Id. ¶ 9.

Defendant, along with at least six co-conspirators, id. ¶ 8, undertook efforts “to impair, obstruct, and defeat [that process] through dishonesty, fraud, and deceit,” Id. ¶ 10. Those efforts took five alleged forms:

First, they “used knowingly false claims of election fraud to get state legislators and election officials to subvert the legitimate election results and change electoral votes for the Defendant's opponent, Joseph R. Biden, Jr., to electoral votes for the Defendant.” Id. ¶ 10(a). “That is, on the pretext of baseless fraud claims, the Defendant pushed officials in certain states to ignore the popular vote; disenfranchise millions of voters; dismiss legitimate electors; and ultimately, cause the ascertainment of and voting by illegitimate electors in favor of the Defendant.” Id.; see id. ¶¶ 13-52.

Second, they “organized fraudulent slates of electors in seven targeted states (Arizona, Georgia, Michigan, Nevada, New Mexico, Pennsylvania, and Wisconsin), attempting to mimic the procedures that the legitimate electors were supposed to follow under the Constitution and other federal and state laws.” Id. ¶ 10(b). “This included causing the fraudulent electors to meet on the day appointed by federal law on which legitimate electors were to gather and cast their votes; cast fraudulent votes for the Defendant; and sign certificates falsely representing that they were legitimate electors.” Id.; see id. ¶¶ 53-69. They “then caused these fraudulent electors to transmit their false certificates to the Vice President and other government officials to be counted at the certification proceeding on January 6,” 2021. Id. ¶ 10(b); see id. ¶¶ 53-69.

Third, they “attempted to use the power and authority of the Justice Department to conduct sham election crime investigations and to send a letter to the targeted states that falsely claimed that the Justice Department had identified significant concerns that may have impacted the election outcome; that sought to advance the Defendant's fraudulent elector plan by using the Justice Department's authority to falsely present the fraudulent electors as a valid alternative to the legitimate electors; and that urged, on behalf of the Justice Department, the targeted states' legislatures to convene to create the opportunity to choose the fraudulent electors over the legitimate electors.” Id. ¶ 10(c); see id. ¶¶ 70-85.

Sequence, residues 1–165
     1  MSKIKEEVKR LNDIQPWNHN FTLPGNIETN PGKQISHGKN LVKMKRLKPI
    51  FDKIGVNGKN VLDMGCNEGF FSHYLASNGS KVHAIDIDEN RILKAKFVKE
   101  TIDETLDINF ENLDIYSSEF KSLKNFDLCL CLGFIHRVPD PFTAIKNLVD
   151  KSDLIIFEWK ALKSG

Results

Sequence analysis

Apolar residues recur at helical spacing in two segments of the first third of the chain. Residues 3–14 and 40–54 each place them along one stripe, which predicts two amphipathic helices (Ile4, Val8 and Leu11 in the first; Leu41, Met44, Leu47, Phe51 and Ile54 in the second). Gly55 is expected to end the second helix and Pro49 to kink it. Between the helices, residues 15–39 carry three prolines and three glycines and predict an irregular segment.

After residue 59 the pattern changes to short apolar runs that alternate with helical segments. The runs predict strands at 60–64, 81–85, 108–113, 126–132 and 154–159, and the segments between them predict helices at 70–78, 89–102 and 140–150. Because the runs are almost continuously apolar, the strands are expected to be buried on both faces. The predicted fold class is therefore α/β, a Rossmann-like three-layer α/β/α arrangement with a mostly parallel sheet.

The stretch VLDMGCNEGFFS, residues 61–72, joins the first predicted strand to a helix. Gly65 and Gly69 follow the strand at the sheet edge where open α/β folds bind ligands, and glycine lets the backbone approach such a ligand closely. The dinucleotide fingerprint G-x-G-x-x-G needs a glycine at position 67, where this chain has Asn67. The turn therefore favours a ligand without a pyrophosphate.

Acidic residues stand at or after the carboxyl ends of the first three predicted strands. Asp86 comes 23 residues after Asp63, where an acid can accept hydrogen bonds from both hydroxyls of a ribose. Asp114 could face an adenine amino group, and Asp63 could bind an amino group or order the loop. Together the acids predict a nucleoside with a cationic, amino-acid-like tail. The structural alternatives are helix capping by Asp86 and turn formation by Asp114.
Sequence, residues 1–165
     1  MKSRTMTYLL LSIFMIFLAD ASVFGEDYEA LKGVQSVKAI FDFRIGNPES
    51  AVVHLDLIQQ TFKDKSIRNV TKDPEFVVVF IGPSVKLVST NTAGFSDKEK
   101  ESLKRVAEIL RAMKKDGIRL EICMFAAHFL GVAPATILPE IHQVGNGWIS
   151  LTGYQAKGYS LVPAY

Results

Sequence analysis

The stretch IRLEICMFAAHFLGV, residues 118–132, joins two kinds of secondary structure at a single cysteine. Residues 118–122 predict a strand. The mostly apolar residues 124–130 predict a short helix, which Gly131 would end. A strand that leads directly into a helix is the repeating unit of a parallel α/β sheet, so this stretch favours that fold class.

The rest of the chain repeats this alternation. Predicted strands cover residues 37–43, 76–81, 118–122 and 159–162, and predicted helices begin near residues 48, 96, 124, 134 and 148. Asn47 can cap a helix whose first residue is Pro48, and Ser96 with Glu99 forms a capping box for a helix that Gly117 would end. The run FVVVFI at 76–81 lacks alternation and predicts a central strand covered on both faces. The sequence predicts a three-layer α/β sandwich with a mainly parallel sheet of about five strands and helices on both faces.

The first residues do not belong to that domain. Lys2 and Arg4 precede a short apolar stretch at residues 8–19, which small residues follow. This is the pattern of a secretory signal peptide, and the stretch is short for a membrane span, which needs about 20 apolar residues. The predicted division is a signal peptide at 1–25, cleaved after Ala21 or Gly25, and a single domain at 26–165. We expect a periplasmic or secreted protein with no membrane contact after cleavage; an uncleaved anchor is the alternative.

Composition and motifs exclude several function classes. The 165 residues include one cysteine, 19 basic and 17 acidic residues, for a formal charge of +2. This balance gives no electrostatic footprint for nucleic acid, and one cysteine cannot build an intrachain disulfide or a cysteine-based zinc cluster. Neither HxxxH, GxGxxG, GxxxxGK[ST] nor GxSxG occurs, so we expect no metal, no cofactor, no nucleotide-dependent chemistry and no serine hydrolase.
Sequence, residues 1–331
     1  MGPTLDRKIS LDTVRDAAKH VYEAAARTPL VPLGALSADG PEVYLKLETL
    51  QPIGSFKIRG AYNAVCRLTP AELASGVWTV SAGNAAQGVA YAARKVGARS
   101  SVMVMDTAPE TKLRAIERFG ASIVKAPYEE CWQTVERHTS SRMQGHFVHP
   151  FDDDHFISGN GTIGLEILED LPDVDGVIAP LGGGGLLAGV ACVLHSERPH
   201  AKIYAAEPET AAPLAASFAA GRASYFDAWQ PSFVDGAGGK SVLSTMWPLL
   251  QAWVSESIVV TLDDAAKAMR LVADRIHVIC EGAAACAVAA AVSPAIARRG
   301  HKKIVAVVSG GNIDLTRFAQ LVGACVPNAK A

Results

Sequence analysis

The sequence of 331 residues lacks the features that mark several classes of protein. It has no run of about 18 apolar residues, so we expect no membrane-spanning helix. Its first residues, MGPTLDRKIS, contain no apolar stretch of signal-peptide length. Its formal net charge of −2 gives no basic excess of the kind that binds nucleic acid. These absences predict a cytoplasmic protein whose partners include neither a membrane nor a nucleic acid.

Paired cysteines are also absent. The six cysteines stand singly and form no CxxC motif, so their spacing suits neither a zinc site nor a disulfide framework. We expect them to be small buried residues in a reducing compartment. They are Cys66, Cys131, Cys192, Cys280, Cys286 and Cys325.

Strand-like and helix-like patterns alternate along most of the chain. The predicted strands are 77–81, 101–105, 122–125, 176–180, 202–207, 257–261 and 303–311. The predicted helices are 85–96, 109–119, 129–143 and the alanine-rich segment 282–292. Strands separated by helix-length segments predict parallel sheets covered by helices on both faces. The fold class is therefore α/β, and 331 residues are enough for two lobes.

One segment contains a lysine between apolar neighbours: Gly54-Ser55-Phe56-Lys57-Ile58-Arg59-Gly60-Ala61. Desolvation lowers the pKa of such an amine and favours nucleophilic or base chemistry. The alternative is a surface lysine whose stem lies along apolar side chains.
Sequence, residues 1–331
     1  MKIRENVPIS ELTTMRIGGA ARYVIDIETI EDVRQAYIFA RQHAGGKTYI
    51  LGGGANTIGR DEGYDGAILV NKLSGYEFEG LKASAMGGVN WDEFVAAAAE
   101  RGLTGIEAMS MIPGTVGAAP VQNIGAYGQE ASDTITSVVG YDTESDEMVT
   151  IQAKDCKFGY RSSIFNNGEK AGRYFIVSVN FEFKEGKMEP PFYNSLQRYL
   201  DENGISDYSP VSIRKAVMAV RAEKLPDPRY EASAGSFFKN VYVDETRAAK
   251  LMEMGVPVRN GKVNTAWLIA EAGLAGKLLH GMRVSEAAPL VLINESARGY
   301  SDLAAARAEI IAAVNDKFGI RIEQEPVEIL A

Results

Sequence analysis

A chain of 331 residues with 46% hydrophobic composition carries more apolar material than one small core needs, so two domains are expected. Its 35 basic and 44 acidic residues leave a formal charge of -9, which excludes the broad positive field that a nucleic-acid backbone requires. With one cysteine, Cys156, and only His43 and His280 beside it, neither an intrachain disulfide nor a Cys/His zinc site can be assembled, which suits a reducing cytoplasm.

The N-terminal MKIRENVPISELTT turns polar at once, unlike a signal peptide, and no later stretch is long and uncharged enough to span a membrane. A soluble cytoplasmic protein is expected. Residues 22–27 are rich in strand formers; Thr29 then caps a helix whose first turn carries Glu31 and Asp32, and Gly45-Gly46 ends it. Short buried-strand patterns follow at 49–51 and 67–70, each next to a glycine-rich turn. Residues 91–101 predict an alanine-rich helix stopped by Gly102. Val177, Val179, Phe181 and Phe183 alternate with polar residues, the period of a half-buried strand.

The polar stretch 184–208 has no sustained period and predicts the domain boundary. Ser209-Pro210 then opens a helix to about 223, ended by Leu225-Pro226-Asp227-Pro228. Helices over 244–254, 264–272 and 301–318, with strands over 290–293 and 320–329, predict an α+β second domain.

Fourth, “using knowingly false claims of election fraud,” they “attempted to convince the Vice President to use the Defendant's fraudulent electors, reject legitimate electoral votes, or send legitimate electoral votes to state legislatures for review rather than counting them.” Id. ¶ 10(d). “When that failed, on the morning of January 6,” they “repeated knowingly false claims of election fraud to gathered supporters, falsely told them that the Vice President had the authority to and might alter the election results, and directed them to the Capitol to obstruct the certification proceeding and exert pressure on the Vice President to take the fraudulent actions he had previously refused.” Id.; see id. ¶¶ 86-105.

Fifth, “on the afternoon of January 6,” once “a large and angry crowd-including many individuals whom the Defendant had deceived into believing the Vice President could and might change the election results-violently attacked the Capitol and halted the proceeding,” they “exploited the disruption by redoubling efforts to levy false claims of election fraud and convince members of Congress to further delay the certification based on those claims.” Id. ¶ 10(e); see id. ¶¶ 106-124.

Based on this conduct, the Indictment charges Defendant with four counts: Conspiracy to Defraud the United States, in violation of 18 U.S.C. § 371, Id. ¶ 6; Conspiracy to Obstruct an Official Proceeding, in violation of 18 U.S.C. § 1512(k), Id. ¶ 126; Obstruction of, and Attempt to Obstruct, an Official Proceeding, in violation of 18 U.S.C. §§ 1512(c)(2), 2, Id. ¶ 128; and Conspiracy Against Rights, in violation of 18 U.S.C. § 241, Id. ¶ 130.


A criminal defendant may move to dismiss based on a “defect in the indictment,” such as a “failure to state an offense.” Fed. R. Crim. P. 12(b)(3)(B)(v). That motion may be based-as it is here-on constitutional challenges to the prosecution, including the assertion of immunity. See, e.g., United States v. Stone, 394 F.Supp.3d 1, 8 (D.D.C. 2019). “Because a court's use of its supervisory power to dismiss an indictment directly encroaches upon the fundamental role of the grand jury, dismissal is granted only in unusual circumstances.” United States v. Fischer, 64 F.4th 329, 334-35 (D.C. Cir. 2023) (formatting modified).


Defendant contends that the Constitution grants him “absolute immunity...